From their perspective, when they see large liabilities, when they see large amounts of income, the tendency is, "Well, why are they not able to pay us and pay us biw?" The biggest part of what we do at our firm is help translate the situation between the client and the IRS in terms the IRS can understand.
That is the challenge with high-net-worth clients. If you are a high-net-worth person, and a high-net-worth person can basically be described as anybody who has an income of $20,000 a month or more. If you fall within that category, then we are going to have to do some a little bit of complex defense when it comes to your collections matter. If not, the IRS will come in.
The IRS will mandate terms that there is no way that you can accept, and then there will not be an agreement between the solution that you propose and the solution the government proposes.
I would encourage you to sit down with either me or another tax attorney, address the situation, and try and find common ground. It does not have to be complicated.
It does not necessarily have to be expensive. By putting a plan in place and executing it, it is going to lead you on the path to better success and then navigating through your tax issue.
If I owe money to the IRS, how do they look at credit cards?
The IRS takes the position that they are not a bank, so if you owe tax debt they consider themselves to be the superior creditor. Anything that is an unsecured debt, including a credit card debt, the IRS considers itself to be more of a priority than that debt.
When negotiating an IRS payment plan, they will not allow you to write off your credit card expenses. This is a big shock for taxpayers because when going through income minus necessary expenses, a lot of people will list their credit card debt.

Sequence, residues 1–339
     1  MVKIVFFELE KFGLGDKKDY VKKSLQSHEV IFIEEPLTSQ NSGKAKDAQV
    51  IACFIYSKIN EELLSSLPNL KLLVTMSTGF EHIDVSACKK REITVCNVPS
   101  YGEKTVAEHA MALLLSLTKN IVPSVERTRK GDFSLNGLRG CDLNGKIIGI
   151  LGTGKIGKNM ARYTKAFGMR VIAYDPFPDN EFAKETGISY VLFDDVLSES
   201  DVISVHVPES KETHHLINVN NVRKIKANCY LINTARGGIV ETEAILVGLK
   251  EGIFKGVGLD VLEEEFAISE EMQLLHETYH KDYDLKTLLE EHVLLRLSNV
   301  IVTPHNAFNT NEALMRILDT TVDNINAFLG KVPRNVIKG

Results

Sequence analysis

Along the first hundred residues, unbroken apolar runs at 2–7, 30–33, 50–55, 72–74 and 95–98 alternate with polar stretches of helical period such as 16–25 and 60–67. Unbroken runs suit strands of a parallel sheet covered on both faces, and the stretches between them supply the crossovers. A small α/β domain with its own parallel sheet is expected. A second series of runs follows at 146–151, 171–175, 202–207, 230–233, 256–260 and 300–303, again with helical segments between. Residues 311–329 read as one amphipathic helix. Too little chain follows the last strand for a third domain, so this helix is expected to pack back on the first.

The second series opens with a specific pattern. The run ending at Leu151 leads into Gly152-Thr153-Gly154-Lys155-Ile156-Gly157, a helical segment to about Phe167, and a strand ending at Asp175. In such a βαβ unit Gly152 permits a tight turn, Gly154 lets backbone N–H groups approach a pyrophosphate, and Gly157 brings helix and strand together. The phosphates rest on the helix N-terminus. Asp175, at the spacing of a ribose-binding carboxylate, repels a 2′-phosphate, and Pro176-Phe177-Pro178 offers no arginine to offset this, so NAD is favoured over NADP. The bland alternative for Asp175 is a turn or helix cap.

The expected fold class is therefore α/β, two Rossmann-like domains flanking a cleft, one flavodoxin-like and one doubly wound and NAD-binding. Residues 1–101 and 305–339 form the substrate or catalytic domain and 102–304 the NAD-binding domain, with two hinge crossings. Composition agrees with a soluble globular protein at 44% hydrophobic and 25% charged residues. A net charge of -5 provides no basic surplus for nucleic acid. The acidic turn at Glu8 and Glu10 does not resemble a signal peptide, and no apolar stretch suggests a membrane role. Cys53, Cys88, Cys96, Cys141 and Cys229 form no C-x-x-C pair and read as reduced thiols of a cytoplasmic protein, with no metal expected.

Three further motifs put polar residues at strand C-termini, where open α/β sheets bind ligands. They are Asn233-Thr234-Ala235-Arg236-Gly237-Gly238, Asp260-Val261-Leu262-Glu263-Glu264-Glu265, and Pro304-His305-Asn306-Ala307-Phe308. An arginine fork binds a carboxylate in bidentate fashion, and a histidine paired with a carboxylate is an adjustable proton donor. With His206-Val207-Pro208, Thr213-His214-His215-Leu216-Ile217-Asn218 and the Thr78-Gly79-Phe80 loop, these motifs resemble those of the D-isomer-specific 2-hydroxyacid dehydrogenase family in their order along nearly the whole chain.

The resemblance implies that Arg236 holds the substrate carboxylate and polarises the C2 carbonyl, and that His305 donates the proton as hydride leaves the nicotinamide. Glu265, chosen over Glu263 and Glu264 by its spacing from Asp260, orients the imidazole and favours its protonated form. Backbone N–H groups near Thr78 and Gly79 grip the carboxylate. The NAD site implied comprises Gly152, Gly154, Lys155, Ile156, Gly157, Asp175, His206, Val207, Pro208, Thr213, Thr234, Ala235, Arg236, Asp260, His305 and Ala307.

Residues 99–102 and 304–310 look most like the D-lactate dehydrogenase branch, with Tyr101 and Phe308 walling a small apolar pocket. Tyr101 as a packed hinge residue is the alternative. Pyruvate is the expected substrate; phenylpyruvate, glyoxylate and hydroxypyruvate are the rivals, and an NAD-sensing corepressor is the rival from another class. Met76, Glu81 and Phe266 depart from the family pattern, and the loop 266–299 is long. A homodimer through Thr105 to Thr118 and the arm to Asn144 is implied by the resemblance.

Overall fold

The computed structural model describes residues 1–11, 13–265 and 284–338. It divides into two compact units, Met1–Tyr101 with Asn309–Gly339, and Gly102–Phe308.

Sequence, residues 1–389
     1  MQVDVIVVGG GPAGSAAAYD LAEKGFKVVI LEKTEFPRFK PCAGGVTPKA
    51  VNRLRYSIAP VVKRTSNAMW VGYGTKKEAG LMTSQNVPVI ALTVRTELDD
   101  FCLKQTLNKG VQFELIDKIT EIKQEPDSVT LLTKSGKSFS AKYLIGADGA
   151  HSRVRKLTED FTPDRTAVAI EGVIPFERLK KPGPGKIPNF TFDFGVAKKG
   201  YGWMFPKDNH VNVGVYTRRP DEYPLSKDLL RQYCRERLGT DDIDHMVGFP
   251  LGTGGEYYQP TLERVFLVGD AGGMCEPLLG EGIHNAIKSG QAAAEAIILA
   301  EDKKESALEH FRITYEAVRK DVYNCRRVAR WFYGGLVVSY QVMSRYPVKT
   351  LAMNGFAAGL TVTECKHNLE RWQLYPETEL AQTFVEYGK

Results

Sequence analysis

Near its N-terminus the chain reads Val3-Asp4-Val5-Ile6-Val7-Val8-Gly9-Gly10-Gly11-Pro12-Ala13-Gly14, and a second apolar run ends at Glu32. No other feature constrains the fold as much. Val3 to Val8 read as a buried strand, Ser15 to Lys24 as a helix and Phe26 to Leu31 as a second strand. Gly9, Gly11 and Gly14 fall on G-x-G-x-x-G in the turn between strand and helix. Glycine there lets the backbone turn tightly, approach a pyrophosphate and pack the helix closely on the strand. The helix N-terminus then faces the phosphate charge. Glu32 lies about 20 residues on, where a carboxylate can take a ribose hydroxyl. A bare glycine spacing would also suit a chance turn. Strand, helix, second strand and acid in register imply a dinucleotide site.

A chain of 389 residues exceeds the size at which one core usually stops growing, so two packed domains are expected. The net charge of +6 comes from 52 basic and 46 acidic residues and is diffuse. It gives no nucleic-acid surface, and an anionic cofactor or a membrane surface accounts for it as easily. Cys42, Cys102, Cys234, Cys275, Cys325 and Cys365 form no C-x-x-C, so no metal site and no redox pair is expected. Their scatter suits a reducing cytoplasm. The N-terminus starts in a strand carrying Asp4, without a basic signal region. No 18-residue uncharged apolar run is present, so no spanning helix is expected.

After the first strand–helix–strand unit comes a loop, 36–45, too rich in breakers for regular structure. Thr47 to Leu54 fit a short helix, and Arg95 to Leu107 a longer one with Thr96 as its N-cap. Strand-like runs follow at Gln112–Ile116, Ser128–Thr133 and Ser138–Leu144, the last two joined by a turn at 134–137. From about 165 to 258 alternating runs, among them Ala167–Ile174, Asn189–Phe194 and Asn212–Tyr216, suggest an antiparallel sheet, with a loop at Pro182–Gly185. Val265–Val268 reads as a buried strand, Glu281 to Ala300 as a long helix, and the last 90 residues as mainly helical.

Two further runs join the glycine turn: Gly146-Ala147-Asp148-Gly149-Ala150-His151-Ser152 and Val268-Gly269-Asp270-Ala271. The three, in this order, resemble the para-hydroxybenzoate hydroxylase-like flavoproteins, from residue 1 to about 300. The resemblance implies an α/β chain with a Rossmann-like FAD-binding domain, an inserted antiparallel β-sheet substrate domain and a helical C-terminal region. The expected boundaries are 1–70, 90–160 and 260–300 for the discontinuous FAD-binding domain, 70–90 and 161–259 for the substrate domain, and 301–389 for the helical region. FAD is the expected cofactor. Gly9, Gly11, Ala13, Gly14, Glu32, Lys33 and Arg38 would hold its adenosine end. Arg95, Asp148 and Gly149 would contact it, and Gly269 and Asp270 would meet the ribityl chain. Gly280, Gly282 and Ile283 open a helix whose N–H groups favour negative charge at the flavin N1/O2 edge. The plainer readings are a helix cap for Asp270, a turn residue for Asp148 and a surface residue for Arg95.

Unless that credit card debt was incurred for business expenses or for something else that the IRS considers necessary, they will not write in minimum credit card payments and will require you to pay a monthly installment agreement payment that is much higher because they are not including the credit card debt in that.
Just keep in mind that the credit card debt is not a saving grace. If you have a substantial amount of credit card debt and it is affecting your cash flow, you are going to want to speak with your attorney or qualified representative to help you.
If I owe money to the IRS, how will the IRS look at expenses for college-age children and private educational expenses?
Here is the bad news. When factoring in an IRS payment plan or when negotiating a collection resolution, the IRS does not include any expenses that you have for your college-age children or any private educational expenses.
The reason for this is that the government views those expenses as luxury items, even though most taxpayers in that situation would disagree. A lot of the pushback that we get from taxpayers is, "Well, if it is a choice between paying for taxes and sending my kids to college, I am going to send my kids to college."